Its been two whole months since I got my kidney.
This post is for someone who needs it.
I've known for at least a week that my dialysis fistula (otherwise known as an 'access') was clotting - at least now and not before my transplant!
On my Tues appointment @ LifeLink, my transplant doctor wanted me to get an appointment with my regular kidney doctor by Monday to have my arm looked at. The thought was I would probably need to also see my vascular surgeon for minor surgery to either unclog the veins or tie off the fistula all together (my vote is for the latter)
After two days of my arm getting bigger (twice its normal size around the biggest part of the fistula) and swelling, tingling and general un-comfortableness in my lower arm and wrist, I called my doc's office again and talked to the nurse:
"Is it normal to have my arm hurt like this when my access is clotting off?" I asked.
She said she thought it was pretty normal but would mention it to the doctor. A few hours later the office called back and asked me to come in right away instead of wait until Monday. The verdict?
My access is definitely clotting off. The stent placed under my collarbone last year has probably collapsed, therefore impeding blood-flow out of my giant fistula vein. The fistula is still being fed by the artery in my arm, there's just no where for the blood/fluid to go. THEREFORE
The massive arterial blood-flow its stressing out the smaller veins and blowing out the smallest of them and bulging the others to the max. I have visible veins from my elbow, around both sides of my arm, up over my shoulder, up the back of my neck and down and across my chest. And L@@K at those crazy ones on/around my pit!
Oh, and my access might be infected so I'm on 10 days Keflex 3x day.
I hope when I see my surgeon on Monday he can figure out a quick solution for me so I can get this behind me, and maybe just stop having pain in one place or another all the time...
I had this whole article typed in last night, and low and behold my computer ate it or WordPress is hiding it from me *pout* HOWEVER, I think it contains very valuable information that is not only important to others who, like me, live in Florida, but for anyone interested in organ donation. Please take the time to read it and comment on your opinion!
Florida Governor Vetoes Legislation to Simplify Organ & Tissue Donor Registry
Although a recognized and long-term advocate of organ and tissue donation, Florida Governor Charlie Crist recently chose to veto legislation aimed at easing the process for Floridians to decide to become organ and tissue donors.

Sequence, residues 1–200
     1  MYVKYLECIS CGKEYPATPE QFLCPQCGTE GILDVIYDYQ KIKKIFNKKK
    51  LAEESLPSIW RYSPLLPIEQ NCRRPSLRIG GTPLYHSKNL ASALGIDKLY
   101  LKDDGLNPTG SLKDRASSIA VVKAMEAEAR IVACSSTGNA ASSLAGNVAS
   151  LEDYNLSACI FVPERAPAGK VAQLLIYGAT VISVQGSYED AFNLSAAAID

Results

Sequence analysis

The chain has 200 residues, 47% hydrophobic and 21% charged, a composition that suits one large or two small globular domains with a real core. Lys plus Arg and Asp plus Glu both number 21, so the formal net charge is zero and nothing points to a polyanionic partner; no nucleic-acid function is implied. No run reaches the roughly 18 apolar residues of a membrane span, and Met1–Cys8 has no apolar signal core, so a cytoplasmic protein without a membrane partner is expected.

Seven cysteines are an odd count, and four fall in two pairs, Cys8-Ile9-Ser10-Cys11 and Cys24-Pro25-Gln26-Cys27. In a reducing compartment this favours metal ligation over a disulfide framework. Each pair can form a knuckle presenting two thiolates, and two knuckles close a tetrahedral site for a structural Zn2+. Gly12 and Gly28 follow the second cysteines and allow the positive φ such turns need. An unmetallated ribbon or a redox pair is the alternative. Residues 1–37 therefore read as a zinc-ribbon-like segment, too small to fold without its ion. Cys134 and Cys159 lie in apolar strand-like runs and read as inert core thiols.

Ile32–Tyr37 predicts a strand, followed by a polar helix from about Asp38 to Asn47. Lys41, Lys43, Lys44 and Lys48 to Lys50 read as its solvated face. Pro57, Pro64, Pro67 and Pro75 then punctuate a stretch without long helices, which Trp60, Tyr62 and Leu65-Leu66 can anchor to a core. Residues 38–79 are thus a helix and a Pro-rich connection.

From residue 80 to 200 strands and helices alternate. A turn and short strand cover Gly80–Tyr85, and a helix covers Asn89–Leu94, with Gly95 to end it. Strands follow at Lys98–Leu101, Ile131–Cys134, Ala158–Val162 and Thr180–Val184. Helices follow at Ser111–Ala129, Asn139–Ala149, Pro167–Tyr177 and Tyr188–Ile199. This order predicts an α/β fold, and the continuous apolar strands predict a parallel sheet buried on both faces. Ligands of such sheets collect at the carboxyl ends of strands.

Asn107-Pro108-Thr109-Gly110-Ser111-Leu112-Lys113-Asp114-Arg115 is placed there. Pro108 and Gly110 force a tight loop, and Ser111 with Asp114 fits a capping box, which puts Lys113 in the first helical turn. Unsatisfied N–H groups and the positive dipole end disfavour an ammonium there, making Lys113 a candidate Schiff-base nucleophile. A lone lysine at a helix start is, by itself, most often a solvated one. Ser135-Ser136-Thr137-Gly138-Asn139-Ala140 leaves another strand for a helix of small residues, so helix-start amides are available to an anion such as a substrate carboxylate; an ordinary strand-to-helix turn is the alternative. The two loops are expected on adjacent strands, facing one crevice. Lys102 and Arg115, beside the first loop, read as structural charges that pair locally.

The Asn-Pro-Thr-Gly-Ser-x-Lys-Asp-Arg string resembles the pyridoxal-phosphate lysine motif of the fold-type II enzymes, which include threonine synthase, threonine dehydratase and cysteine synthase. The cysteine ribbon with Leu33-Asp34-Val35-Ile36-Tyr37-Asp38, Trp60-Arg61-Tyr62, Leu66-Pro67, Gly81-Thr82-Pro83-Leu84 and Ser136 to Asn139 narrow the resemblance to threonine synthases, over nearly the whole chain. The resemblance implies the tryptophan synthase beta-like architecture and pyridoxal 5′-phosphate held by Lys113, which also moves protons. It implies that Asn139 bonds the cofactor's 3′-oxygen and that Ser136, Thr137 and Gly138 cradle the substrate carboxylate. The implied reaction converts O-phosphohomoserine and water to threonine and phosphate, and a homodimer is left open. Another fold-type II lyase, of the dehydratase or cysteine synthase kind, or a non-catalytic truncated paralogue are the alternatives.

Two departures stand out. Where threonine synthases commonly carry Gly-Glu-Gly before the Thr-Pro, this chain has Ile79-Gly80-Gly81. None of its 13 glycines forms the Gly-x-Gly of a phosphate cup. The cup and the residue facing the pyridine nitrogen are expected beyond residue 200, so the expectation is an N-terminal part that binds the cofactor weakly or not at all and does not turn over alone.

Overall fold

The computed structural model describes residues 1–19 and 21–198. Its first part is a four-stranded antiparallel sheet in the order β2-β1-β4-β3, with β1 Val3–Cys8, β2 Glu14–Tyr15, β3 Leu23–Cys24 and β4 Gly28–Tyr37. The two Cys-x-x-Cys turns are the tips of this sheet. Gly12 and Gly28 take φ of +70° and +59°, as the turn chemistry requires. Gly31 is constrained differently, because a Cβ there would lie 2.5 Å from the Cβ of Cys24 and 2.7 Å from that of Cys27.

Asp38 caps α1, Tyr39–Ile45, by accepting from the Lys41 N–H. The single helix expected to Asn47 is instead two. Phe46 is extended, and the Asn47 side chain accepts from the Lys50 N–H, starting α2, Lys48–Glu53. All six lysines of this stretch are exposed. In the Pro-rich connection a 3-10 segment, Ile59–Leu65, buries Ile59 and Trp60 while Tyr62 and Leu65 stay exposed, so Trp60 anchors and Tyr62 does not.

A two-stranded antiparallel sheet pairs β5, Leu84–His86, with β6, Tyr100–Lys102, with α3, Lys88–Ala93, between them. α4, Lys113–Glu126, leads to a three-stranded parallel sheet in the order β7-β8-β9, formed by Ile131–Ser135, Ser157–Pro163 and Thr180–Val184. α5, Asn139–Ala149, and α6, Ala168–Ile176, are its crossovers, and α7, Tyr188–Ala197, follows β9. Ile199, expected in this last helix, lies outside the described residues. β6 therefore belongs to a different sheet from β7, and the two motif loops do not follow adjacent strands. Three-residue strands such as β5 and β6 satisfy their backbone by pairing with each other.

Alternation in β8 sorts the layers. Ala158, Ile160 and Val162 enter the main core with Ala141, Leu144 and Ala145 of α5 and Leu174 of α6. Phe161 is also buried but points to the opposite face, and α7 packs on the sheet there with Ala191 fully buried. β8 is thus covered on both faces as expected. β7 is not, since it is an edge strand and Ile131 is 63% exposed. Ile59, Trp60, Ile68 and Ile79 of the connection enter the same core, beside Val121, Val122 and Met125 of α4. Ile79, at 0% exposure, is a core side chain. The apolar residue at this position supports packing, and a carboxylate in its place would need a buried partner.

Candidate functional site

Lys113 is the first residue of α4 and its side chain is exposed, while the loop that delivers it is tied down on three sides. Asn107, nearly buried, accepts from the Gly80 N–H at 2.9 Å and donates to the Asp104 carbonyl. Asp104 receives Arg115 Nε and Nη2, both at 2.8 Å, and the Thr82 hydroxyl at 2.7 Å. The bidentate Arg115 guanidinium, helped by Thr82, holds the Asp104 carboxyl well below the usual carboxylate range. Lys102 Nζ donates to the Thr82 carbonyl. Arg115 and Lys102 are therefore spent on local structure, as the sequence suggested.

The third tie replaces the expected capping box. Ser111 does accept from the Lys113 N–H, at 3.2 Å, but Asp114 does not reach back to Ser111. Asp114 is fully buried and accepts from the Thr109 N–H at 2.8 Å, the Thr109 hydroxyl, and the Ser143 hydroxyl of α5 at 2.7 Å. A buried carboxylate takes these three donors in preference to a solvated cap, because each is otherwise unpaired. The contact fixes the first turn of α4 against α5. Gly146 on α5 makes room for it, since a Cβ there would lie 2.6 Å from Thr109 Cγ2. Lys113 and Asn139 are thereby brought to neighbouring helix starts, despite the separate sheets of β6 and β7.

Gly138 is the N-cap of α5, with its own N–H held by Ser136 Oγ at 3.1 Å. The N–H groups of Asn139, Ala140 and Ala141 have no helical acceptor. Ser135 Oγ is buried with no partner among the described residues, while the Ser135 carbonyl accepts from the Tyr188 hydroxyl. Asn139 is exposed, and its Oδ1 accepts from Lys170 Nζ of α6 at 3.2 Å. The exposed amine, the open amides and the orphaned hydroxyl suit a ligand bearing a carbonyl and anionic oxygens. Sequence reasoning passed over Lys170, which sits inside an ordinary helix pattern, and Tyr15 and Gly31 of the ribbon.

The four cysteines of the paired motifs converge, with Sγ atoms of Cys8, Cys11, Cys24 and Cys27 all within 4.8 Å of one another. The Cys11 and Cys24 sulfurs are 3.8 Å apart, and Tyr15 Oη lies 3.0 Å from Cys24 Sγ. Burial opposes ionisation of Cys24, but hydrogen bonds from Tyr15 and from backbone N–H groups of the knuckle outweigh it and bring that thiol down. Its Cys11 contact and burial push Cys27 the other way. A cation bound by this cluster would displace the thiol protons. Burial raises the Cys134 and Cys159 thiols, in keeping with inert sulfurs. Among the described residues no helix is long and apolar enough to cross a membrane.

The bill, which unanimously passed the State's House and Senate in May, planned to allow individuals to sign up as organ and tissue donors from any computer, as opposed to the current process which requires visiting a driver license office or mailing a form to the Agency for Healthcare Administration (AHCA).
The Florida Organ and Tissue Donor Registry was one of the first of its kind in the nation back in 1995, but has been criticized as outdated and technologically obsolete. The new registry would have been managed and maintained by Donate Life of Florida, a statewide consortium of organ, tissue and eye recovery organizations and others interested in educating the public about the importance of donation. Plans included funding in part by voluntary contributions to the Donor Education Trust Fund; there were no plans to include funds from the state's general revenue.
Prior to the veto, State Senator Steve Oelrich (whos own son was a life-saving donor) championed the legislation along with Representative Larry Cretul. With more than 3,000 Floridians waiting for life-saving transplants, the effort quickly became a bi-partisan priority.
Donate Life of Florida, with the support of AHCA and the Department of Highway Safety and Motor Vehicles, sought to take on registry management in an effort to increase registered donors in Florida from 4,000,000 - about 30% of Florida's driving population - to 7,000,000 within the next year. This goal, part of a national push to increase registered organ donors and save the lives of more than 95,000 Americans currently awaiting transplants, remains a focus for Donate Life Florida while the organization regroups to readdress legislative challenges.